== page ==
• AZgram'O'wing says:

      Yes, constitution says that debts are to be paid…. These are debts that Congress voted ‘Yes” on since 2001 until now….Republicans voted for two unfunded wars, three unfunded TAX CUTS ( without off setting revenuer), unfunded Medicare ADVANTAGE plan, unfunded Medicare part D prescription drug program…
      Those items were placed on U.S.A. credit card… NOE is time to pay up on Credit Card bill…”Time for Congress to eat their peas”…

    • AZgram'O'wing says:

      Yes, constitution says that debts are to be paid…. These are debts that Congress voted ‘Yes” on since 2001 until now….Republicans voted for two unfunded wars, three unfunded TAX CUTS ( without off-setting revenue), unfunded Medicare ADVANTAGE plan, unfunded Medicare part D prescription drug program…
      …. items were placed on U.S.A. Credit Card… NOW is time to pay up Credit Card bill…”Time for Congress to eat their peas”…

  4. AZgram'O'wing says:

    Sorry… make that NOW is time to pay up on Credit Card bill…

  5. Rick Thomas says:

    Obama shrewdly put the Republicans in a box where their choices were 1) lose face (just raise the debt ceiling), 2) lose the election (raise taxes), or 3) lose the credit-worthiness of the US government. They opted for lose face, with an attempt at a face saving spin.

  6. Michael says:

    If the Republicans have a chance to both trash this country and blame it on a black guy . . . well, can you blame them for working to see their deepest desires come to pass?

  7. KW says:

    I think the larger tragedy is that this move sets a precedent for future generations of Presidents to unilaterally adjust the debt ceiling without congressional approval. How does eliminating the checks and balances between the president and congress by giving unilateral power to the president improve Americans position? I think it does not.

  8. Paul Daukas says:

    Hi…. I really hate to say this, but I think government has become extremely polarized. Years ago Simpson of Wyoming predicted this. I think the Republicans simply cannot get over that they lost the election to Obama and have just been ruthlessly obstructionist since then. Politicians from both sides have to work together now and for the future of this great country. Reagan and O’Neil , who worked together for the good of the country, would be very disappointed into what is now going on in Washington.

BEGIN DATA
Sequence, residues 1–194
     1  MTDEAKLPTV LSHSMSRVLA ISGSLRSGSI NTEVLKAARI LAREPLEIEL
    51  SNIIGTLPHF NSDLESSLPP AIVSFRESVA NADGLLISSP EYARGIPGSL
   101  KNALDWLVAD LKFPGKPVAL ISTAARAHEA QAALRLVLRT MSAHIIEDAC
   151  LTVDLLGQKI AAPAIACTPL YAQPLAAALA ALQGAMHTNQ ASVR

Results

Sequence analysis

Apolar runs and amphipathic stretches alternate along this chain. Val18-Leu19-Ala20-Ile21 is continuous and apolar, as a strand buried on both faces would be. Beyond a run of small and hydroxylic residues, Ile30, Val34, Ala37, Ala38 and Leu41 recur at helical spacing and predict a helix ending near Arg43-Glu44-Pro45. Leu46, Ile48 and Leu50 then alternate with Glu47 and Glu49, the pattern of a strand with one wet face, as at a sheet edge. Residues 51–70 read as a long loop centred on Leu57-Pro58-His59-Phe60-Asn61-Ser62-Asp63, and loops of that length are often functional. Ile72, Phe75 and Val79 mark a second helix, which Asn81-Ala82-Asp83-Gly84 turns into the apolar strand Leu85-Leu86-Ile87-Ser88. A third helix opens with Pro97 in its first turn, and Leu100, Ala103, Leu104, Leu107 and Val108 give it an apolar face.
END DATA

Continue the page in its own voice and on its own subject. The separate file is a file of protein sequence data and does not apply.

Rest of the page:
9. Lee A. Arnold says:

    The President should not take the McConnell deal. He should say, in public: (1) If Congress wants to REVOKE the ENTIRE debt ceiling law, they can send that bill to my desk, and I will look at it. And (2) The Republican leadership should ask their House members where the money is going to come from for Social Security checks, when the economy defaults.

    All this fretting is based on the notion that Boehner and McConnell won’t raise the debt ceiling, and that is based on making you believe that they can’t raise the debt ceiling because of the Tea Party. That is a lie. That is why McConnell offered it at this time: to make you scared, and to hope your fear causes you to make a mistake.

    First, it is nonsense. If the Republican leadership is having any trouble at all, they can call upon their Wall Street and business buddies to stand up and put their foot down firmly on the Tea bags. Or they can call up Granny and tell her that the reduced revenues from a halting economy will stop her Social Security check. Or they can ask Warren Buffett and Alan Greenspan to come in and explain to the House why taxes must be increased.

    Question: If the Republican leadership finds the Tea wing to be such an intractable force, then why doesn’t the Republican leadership validate Obama’s warning on Social Security a few days ago? Granny has PLENTY of leverage with the Tea Party.

    The Democrats would be fools to let the Republican leadership off the hook. There is no upside to saving their skins. They have already been ditching the economy to ruin him. Do you think this will end? If Obama takes McConnell’s deal, it would guarantee a unified Republican Party, and no end to their vile shenanigans, for years to come. The Republicans can put the blame on Obama, and rally the Tea Party + the Independents + blue collars, to turf him out. Rick Perry will have his best campaign issue, handed to him on a silver platter.

    A wedge has been driven deep into the Republican Party between the leadership and the Tea wing. Don’t stop now.